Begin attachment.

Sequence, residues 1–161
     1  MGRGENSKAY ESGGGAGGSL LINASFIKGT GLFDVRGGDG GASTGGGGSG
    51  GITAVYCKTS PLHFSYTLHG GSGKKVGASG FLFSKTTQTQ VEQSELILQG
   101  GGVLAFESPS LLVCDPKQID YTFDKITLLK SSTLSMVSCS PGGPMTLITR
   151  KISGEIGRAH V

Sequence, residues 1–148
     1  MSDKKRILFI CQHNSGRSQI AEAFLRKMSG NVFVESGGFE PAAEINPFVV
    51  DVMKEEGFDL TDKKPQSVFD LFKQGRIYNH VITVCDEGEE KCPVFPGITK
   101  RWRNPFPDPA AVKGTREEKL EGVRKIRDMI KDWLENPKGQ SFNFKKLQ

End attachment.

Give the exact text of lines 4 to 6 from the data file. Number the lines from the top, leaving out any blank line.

   101  GGVLAFESPS LLVCDPKQID YTFDKITLLK SSTLSMVSCS PGGPMTLITR
   151  KISGEIGRAH V

Sequence, residues 1–148